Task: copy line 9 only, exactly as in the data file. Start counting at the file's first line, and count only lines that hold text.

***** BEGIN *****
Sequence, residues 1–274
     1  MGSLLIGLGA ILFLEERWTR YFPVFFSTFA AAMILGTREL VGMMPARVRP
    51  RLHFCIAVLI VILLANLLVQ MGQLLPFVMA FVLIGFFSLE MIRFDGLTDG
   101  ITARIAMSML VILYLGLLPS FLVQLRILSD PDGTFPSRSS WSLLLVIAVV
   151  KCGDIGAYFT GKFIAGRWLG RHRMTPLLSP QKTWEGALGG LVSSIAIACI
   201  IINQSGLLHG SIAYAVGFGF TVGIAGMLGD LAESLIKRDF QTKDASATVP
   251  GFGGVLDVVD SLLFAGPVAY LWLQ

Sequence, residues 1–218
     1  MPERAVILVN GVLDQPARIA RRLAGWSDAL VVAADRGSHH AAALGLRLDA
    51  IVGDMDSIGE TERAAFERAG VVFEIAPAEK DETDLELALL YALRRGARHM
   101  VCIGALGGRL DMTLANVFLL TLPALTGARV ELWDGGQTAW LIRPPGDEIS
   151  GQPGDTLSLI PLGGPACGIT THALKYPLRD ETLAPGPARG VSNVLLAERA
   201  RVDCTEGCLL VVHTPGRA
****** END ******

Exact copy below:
     1  MPERAVILVN GVLDQPARIA RRLAGWSDAL VVAADRGSHH AAALGLRLDA